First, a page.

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A friend to island families: Orcas Family Connections assists locals hit hard by economy

As the Family Support Specialist of Orcas Island’s resource center, Erin O’Dell sees it all.

A sample of her clients includes a single dad who is living in a motorhome with his teenage son; a mother of two young children who was evicted; and a family being torn apart by meth, domestic violence, and poverty.

“If you need something and you don’t know where to go for it, you can come here,” said O’Dell, who runs Orcas Family Connections (OFC) from an office at Children’s House. “I don’t have all the answers to everything, but I can find someone who does.”

She says islanders have been coming to her in higher numbers since the fall.

“Families have been coming for food and rental assistance,” O’Dell said. “People are out of work or have had their hours cut. There just aren’t jobs in construction right now. A lot of single parents are struggling to make ends meet.”

OFC is the go-to organization for islanders who need guidance on local resources. O’Dell refers her clients to organizations like OPALCO, Domestic Violence Sexual Assault Services, and OPAL Land Trust (which administers both rental and energy assistance). She also assists with pre-school enrollment and applications to state programs.

“We can help families with applications for food, medical or child care assistance through the Department of Social and Health Services,” O’Dell said. “We follow up to make sure they receive benefits. If you have DSHS medical insurance already, and you have appointments off island, we can get vouchers for ferry tickets.”

OFC delivers food bank items to families who are working durring the hours it is open, and every year, in conjunction with the public school, OFC hands out coats purchased by Island Hardware.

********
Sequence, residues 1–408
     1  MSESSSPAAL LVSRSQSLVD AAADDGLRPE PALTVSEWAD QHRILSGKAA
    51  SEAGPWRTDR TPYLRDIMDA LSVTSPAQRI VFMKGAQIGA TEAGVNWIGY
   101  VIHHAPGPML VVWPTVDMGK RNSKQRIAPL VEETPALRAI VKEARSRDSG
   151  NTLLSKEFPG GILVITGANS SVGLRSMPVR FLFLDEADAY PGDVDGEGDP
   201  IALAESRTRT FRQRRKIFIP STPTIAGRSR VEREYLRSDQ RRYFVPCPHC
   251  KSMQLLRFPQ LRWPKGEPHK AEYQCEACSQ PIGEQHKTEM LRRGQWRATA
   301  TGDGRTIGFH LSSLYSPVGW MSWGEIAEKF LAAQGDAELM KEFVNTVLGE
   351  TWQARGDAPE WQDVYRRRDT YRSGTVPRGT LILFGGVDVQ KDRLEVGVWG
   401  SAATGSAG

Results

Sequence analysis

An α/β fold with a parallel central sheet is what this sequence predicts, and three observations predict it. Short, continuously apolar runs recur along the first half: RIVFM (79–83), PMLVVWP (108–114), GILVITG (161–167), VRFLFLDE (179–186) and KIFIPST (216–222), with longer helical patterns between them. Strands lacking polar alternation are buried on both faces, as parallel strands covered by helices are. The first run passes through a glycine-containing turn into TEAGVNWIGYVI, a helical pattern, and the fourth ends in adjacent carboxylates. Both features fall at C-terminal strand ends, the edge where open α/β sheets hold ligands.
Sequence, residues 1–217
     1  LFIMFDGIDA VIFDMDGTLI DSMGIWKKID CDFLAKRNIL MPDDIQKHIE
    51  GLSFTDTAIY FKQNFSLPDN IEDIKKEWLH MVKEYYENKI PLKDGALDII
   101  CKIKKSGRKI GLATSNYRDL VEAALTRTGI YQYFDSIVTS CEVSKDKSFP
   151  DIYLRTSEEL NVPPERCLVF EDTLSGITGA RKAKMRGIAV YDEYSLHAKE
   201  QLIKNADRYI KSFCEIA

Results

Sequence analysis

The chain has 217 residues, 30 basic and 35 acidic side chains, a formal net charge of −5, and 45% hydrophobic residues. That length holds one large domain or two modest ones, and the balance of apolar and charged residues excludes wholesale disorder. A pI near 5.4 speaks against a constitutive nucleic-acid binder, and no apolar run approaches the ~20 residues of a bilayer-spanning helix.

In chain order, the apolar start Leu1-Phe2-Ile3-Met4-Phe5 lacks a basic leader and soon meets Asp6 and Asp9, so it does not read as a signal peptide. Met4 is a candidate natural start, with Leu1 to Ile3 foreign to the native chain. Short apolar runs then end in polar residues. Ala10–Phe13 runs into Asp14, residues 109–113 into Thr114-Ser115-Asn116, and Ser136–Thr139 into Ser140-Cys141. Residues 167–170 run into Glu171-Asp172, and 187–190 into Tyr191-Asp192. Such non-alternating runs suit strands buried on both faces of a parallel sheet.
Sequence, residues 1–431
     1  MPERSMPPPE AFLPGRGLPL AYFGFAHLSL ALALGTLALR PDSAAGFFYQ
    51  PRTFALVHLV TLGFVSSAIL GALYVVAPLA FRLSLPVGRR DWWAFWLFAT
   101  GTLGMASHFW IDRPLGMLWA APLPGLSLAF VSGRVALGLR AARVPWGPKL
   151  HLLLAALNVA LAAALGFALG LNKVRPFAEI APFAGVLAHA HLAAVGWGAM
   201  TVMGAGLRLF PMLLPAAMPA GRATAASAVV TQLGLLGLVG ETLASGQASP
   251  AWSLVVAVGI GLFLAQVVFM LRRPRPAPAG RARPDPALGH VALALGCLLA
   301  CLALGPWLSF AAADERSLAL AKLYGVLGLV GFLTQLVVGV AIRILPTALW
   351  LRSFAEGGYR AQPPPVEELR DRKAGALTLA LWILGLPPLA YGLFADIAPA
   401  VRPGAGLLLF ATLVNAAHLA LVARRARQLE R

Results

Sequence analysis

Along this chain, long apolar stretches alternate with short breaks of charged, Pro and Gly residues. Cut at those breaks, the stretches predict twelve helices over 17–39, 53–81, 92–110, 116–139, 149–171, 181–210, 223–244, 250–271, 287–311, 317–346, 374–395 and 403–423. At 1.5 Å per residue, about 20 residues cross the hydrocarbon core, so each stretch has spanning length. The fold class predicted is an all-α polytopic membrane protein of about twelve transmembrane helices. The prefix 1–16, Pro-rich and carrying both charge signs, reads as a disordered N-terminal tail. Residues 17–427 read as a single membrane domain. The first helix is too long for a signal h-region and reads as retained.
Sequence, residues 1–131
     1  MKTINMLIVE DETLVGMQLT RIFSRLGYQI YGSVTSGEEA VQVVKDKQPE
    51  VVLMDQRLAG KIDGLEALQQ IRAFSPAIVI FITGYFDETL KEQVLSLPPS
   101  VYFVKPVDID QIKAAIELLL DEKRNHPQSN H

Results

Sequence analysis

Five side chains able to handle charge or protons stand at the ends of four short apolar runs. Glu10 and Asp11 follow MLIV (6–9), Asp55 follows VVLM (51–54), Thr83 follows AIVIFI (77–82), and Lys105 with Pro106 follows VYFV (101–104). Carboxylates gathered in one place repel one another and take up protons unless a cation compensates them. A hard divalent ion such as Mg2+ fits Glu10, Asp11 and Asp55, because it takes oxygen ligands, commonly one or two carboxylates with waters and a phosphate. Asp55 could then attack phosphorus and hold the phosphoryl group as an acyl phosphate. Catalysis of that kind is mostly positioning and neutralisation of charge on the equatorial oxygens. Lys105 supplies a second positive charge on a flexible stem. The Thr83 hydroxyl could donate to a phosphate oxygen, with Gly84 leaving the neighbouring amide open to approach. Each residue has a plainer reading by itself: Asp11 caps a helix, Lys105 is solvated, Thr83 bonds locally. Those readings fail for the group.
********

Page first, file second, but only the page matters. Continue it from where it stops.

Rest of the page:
If anyone has coats or clothes to donate, they can be dropped off at the OFC office. Baby and children’s items are particularly in need. In addition, both Aurora’s and Cherry T’s consignment have an OFC account. O’Dell asks locals to consider dropping off clothes under the OFC name, so funds go directly towards those in need.

“A big issue is that we just can’t help everyone,” O’Dell said. “We don’t have emergency housing. We don’t have shelters. We don’t have long-term rental assistance ... Families are having to band together right now. We are seeing more multigenerational living situations.”

How to help

To donate to Orcas Family Connections, mail a check to PO Box 931, Eastsound, WA 98245. To volunteer, for information about donating specific items, or to become a board member, call Erin O’Dell at 376-5780.

Orcas Family Connections will be moving into Kaleidoscope’s new wing, which is slated to be done by early 2011. Kaleidoscope is relying entirely on volunteer hours to build the expansion. To lend a hand or donate materials, call Amber Paulsen at 376-2484. Kaleidoscope is offering a sneak peek of its expansion on Tuesday, Dec. 14 from 5 to 6:30 p.m.

Day in the life of a single parent on Orcas Island

“Stephen” says his main goal is to keep his two children healthy and happy.

As the single father of two pre-school children, he feels lucky to have a network of Orcas community members who help him out.

“I have a lot of resources that I use; most of them are people who live in our community: my father – he has really stepped up to the plate, he comes over every morning before I leave for work, does breakfast and takes them to school ... and (I have) a whole network of people who transfer the kids to Kaleidoscope,” said Stephen (not his real name).

He says Erin O’Dell of Orcas Family Connections “always seems to be there – to call at the right time.”

O’Dell made sure Stephen’s daughter received a winter coat and shoes, she fills out paperwork for state insurance, and often stops by their house, just to see how the family is doing.

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